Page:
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disability insurance replaces income when you can't work

By Sandy John

How would you pay your bills if you couldn't work? Where would the money come from if you developed a serious illness or suffered a disabling accident that kept you off the job for months -- or years?

An oft-repeated statistic is that nearly one-third of working age people will suffer a disability that lasts at least three months at some point during their careers. Financial experts recommend disability insurance to cover the loss of income in such an event.

Some common misconceptions may keep people from buying a disability policy. Many, for example, think Social Security will cover a disability. However, Social Security only covers you if you are unable to work at any job, not just the career you're trained in. To be eligible, your disability also has to be expected to last at least one year or to lead to your death. If you do qualify, the benefit may not be enough to cover your needs. In 1999, the average monthly disability payment from Social Security was $733.

Others assume worker's comp will cover them, but worker's compensation only covers job-related disabilities. Auto accidents and illnesses aren't covered.

Finally, many workers have a group disability policy through their job, and they think that's enough. However, such policies often provide only about 60 percent of your salary, and might cap it at a smaller dollar amount if you are highly paid. Plus, if the company pays for the policy, the benefits are taxable, further cutting into your income. (If you pay the premiums, the benefits are tax-free.)

So, for many people, a good individual disability policy (or a supplemental policy to go along with your employer-provided plan) is necessary. Shopping for a disability policy can be tricky, however, because there are so many elements to consider.

Consumers are often surprised to find out that individual policies, unlike group policies, don't express benefits as a percentage of income. Instead, you'll be offered insurance that promises a specific monthly amount -- and if your have a high income, it could be less than 60 percent of your monthly salary. "Disability insurance isn't there to make the rich richer," said Steve Crawford, managing director of Guardian Disability Insurance Brokerage in Rockville, MD. (http: ). "It's to allow you to maintain your standard of living and give you an incentive to return to work when you are able."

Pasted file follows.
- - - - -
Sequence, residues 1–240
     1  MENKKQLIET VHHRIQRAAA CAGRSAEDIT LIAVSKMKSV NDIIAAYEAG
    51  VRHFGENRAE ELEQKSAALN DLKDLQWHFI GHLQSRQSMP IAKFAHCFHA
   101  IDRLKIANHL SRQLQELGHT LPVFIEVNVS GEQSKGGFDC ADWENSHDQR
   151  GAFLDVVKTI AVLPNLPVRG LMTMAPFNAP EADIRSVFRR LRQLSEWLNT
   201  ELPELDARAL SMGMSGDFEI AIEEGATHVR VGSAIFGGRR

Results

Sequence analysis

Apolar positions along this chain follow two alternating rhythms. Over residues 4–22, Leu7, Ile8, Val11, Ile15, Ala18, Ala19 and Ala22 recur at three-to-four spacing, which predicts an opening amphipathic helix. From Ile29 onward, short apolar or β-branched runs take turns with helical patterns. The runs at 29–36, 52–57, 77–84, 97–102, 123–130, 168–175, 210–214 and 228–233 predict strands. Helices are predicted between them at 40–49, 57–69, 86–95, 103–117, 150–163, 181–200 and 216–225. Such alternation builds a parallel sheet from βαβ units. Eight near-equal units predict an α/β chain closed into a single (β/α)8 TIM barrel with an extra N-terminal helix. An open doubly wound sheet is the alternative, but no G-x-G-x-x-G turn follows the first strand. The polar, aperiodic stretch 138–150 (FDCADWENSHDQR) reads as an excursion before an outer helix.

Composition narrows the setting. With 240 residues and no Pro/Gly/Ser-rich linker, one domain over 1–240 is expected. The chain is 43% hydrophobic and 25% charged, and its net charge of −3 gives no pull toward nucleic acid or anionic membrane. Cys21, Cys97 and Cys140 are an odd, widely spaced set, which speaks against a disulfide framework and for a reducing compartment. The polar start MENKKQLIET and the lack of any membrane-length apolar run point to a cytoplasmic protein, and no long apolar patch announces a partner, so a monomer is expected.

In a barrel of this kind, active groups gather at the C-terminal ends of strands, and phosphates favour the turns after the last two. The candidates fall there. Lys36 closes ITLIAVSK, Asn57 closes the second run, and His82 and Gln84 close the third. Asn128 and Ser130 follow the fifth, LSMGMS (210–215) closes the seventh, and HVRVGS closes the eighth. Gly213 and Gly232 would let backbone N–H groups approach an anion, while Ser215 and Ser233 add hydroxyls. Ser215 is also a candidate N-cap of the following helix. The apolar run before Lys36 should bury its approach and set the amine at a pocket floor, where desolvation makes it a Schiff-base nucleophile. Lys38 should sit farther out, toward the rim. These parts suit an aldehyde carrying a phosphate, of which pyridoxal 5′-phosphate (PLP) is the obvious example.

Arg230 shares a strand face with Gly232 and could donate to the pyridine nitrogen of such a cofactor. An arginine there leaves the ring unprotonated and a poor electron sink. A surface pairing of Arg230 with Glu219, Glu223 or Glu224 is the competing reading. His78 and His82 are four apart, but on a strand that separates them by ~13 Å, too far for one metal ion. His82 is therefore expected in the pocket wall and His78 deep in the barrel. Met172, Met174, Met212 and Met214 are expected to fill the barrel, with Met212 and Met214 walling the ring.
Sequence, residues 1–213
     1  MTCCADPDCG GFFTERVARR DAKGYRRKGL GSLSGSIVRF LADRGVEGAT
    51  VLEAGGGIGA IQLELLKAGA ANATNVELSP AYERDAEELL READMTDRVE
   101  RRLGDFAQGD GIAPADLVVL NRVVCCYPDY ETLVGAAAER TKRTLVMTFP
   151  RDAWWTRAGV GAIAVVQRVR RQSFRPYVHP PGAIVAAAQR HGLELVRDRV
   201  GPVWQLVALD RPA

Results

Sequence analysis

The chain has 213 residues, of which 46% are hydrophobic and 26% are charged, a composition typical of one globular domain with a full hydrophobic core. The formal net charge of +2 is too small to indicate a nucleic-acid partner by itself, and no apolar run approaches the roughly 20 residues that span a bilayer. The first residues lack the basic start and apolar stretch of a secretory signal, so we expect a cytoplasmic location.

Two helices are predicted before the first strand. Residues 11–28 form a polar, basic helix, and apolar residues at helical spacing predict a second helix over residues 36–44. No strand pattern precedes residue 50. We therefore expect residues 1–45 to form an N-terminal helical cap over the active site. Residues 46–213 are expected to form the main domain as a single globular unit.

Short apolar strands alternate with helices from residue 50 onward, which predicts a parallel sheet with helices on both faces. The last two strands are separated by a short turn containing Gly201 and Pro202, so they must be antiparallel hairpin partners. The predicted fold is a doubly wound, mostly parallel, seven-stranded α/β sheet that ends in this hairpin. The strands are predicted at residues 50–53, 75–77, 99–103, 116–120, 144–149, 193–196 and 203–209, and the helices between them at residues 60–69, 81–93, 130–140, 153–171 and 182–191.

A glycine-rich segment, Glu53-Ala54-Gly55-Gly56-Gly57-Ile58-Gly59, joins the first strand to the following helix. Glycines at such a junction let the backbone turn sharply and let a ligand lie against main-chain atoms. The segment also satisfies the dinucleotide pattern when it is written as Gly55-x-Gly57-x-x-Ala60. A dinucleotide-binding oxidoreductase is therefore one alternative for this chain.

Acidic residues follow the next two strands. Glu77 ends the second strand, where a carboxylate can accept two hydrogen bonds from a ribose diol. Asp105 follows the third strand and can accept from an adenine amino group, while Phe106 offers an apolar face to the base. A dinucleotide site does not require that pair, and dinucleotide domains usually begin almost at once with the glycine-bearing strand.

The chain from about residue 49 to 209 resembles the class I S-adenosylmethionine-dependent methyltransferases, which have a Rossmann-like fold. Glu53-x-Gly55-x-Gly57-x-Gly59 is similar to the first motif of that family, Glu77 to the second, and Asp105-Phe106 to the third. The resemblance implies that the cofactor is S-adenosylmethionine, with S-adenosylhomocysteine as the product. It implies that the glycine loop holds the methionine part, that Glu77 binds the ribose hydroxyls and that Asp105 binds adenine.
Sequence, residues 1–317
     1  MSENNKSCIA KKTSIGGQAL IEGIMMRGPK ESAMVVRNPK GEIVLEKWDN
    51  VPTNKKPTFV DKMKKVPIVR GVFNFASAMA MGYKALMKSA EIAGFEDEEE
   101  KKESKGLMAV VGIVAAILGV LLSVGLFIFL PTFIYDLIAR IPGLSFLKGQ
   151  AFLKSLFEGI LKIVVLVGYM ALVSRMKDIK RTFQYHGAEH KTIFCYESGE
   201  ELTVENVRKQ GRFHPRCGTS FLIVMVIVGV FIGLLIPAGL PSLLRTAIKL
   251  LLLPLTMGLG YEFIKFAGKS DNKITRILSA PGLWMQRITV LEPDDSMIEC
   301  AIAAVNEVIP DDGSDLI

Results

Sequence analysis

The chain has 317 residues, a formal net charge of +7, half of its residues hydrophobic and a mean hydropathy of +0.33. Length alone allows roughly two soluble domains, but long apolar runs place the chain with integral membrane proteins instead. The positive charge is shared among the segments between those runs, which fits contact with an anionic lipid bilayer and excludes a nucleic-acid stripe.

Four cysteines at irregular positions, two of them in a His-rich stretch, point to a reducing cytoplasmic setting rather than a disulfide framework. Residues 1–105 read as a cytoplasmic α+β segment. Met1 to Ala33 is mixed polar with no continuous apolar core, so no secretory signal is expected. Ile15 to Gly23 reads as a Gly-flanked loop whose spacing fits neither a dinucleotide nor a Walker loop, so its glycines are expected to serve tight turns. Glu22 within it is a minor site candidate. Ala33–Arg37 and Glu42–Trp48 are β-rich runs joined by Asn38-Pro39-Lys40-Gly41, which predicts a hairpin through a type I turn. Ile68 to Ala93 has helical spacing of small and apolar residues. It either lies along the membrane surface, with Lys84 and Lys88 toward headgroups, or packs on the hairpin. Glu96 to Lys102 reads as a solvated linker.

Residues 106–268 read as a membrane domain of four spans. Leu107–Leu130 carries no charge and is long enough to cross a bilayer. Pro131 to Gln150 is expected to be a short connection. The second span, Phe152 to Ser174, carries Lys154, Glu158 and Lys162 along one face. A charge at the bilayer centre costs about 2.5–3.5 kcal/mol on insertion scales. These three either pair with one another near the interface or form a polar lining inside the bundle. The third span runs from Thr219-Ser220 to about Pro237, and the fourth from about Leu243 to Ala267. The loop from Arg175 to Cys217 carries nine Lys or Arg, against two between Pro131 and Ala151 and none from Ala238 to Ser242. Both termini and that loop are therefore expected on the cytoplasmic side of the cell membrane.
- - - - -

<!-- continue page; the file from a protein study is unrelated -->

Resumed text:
When buying a policy, the most important aspects to look into are the definition of disability, the company's stability, and the renewability of the policy, Crawford said. Don't just shop rates, he cautioned, because a cheap policy probably defines disability so narrowly that few people will ever qualify for benefits.

What you want, even though it will cost more, is an "own-occupation policy." With this kind of policy, you are eligible for benefits when you can't carry out the duties of your regular occupation. With an "any-occupation" policy, you wouldn't qualify for benefits unless you are completely unable to work at any job. The policy should also cover both accidents and illness, according to the Health Insurance Association of America. The older you get, the more likely it is you'll be disabled by illness, rather than an injury.

It's also important to get a policy that is "non-cancelable." Such a policy is guaranteed renewable, as long as you pay the premiums, and the premiums can't be raised. A "guaranteed renewable" policy sounds like it's the same thing, but it doesn't lock in premiums, so you have less protection.

Other features to consider:

 Residual benefits -- this features helps make up the difference in income if you can only work part-time or at a lower-paying job than your regular occupation.
 Benefit period -- how long benefits will be paid. Since you don't know how long you'll be disabled, financial experts recommend coverage that will last until you are 65, when you can start drawing retirement. The longer the benefit period, the higher the premiums.
 Elimination period -- also called the waiting period, this is the amount of time (90 days, 120 days, a year) that will lapse before benefits kick in. A shorter waiting period means higher premiums. If you have a sizable emergency nest egg, you can save on premiums by choosing a long elimination period.
 Inflation adjustment -- this rider helps benefits keep up with the rising cost of living.

The financial strength of the insurer is another important consideration, Crawford said. Look for one that's been in business a long time and is financially stable by checking the insurance rating services. A few companies have reputations for not being willing to pay claims, Crawford said, adding that consumer complaints on specific companies are frequently posted on Internet bulletin boards. Also check with your state insurance office to see about complaints.





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